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‘Arise And Go!’ by Stephen James Smith and Enda Reilly … ‘stunning'(November 09, 2011)
Occasionally, just occasionally something truly beautiful, original and enticing comes to your ears. And when it does it strikes deep and lingers long. ‘Arise And Go!’ from Stephen James Smith and Enda Reilly does that and more. It’s a stunning collaboration between alternative-folk musician, Dublin-based, singer-songwriter Enda Reilly and award-winning spoken word poet Stephen James Smith. Together they present the poetry of Padraic MacPiaras, Patrick Kavanagh, W.B. Yeats and Luke Kelly wrapped in powerful words and striking music.
There’s majesty, presence and an indefinable magic emanating from every second of this album. For sure it’s different with the intensely listenable juxtaposition between sung and spoken words – all it takes is one listen and you’re hooked. They dub their genre ‘Spoken Word Sung Verse’ for me it’s pure unadulterated beauty. Not the fragile, delicate beauty lauded by romantics but the enduring, dramatic beauty of Irish verse and music.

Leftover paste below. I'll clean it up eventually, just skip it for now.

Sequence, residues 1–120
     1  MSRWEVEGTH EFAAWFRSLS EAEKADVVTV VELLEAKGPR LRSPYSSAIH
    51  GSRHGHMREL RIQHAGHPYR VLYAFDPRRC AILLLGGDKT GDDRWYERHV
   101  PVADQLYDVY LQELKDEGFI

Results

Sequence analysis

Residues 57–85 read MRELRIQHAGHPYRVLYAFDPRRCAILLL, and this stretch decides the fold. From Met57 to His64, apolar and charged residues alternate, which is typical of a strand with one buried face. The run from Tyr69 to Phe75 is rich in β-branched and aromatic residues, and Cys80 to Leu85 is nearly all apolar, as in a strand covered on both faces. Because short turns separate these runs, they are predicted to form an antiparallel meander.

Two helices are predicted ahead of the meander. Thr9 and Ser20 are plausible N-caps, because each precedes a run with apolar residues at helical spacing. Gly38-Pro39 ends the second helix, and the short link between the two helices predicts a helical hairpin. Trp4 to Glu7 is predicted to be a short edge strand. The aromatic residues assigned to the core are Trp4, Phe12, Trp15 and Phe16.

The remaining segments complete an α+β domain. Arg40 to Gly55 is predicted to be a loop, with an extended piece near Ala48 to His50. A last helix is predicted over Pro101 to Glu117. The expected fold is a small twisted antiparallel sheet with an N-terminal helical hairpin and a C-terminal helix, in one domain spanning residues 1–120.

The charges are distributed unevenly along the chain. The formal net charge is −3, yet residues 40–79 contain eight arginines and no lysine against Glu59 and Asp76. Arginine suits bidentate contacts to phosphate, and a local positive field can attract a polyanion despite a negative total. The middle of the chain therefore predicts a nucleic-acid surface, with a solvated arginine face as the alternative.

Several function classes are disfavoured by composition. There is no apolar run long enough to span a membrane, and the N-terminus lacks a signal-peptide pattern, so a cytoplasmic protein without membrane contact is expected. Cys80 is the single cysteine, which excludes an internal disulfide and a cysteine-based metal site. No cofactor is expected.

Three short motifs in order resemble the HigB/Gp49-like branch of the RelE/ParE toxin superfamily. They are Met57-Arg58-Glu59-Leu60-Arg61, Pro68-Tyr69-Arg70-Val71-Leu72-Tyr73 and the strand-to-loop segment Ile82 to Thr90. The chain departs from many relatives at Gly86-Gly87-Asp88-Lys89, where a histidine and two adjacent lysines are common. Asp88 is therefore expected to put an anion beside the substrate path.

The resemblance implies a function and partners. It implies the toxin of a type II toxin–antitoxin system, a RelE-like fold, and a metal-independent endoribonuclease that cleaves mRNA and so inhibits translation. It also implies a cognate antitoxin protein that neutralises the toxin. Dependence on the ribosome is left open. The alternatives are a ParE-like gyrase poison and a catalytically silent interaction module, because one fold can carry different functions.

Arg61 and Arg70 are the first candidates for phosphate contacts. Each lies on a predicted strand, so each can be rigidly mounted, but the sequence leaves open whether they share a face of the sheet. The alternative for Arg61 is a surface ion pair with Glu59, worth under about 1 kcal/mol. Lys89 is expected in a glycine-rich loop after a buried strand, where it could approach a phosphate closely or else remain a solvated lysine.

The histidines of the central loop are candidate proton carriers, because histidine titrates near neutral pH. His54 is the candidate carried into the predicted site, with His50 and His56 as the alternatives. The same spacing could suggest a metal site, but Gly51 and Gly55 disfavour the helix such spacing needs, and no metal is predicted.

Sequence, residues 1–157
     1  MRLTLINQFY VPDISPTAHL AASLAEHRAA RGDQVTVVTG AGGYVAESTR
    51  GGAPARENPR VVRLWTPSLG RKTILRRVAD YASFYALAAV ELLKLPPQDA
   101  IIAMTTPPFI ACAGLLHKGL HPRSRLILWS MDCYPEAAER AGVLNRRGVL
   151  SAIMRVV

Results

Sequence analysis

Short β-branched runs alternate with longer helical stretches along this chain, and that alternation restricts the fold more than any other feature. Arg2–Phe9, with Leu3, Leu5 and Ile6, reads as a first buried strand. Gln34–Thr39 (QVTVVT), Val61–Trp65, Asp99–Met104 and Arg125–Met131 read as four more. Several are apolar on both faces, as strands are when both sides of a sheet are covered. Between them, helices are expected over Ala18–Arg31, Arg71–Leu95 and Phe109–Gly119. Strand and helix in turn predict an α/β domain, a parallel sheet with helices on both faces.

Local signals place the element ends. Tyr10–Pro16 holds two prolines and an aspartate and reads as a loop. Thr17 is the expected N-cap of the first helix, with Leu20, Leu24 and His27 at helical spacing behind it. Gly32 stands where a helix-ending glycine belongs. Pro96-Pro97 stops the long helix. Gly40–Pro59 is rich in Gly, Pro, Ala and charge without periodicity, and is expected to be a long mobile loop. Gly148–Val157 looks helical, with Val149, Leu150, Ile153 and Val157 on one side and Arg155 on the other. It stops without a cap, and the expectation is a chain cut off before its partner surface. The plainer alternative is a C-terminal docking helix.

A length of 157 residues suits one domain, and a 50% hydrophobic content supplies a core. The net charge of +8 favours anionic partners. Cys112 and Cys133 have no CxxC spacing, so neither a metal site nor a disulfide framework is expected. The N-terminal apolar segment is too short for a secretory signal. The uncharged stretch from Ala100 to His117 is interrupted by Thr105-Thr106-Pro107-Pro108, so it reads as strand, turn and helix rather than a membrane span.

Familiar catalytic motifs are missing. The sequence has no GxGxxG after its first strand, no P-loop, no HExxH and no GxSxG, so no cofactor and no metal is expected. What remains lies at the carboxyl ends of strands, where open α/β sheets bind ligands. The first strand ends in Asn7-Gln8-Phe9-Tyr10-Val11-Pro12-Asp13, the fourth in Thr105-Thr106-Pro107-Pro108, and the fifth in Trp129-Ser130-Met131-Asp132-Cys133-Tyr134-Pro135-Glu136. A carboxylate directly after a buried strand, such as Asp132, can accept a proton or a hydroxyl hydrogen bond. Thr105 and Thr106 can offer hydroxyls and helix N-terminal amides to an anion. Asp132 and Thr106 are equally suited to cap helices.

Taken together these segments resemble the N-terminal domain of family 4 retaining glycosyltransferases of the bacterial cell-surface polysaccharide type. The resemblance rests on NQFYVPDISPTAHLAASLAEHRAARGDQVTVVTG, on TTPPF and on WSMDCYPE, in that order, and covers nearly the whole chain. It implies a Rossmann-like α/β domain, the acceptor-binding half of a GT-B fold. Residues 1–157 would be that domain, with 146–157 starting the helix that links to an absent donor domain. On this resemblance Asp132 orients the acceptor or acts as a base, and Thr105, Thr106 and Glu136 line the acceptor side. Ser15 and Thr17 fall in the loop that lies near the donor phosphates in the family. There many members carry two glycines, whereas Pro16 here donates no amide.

From the unleashed power contained in ‘Mise Éire/I am Ireland’ through their superb duo-delivery of Yeats’ mystical ‘Lake Isle of Innisfree’ to the harsh questioning and anger of Luke Kelly’s ‘For What Died the Sons of Róisín’ with its precisely placed strings – this is breathtaking. These duets from singer and poet reach in and grab you where you live.
The everyday simplicity of life gently related in ‘The Gardener’ gives way to the tremendous authority of another sung-spoken duet: ‘September 1913’. I’ve heard many variations of the emotive ‘Raglan Road’ – none touched my soul as this did. If it raises not a tear to your eye or lump in your throat, then take care your soul has left you. This is quite simply a perfect blend of musicianship, voice and spoken word.
Joining Stephen and Enda are guest musicians Colm O Snodaigh (whistles, flutes) and Elder Roche (piano).
Stephen and Enda have created a work of genius. Seek out ‘Arise And Go!’ Let its compelling presence pour over you. It’s available from iTunes and Celtic Note, Dublin.
Reviewer: Tim Carroll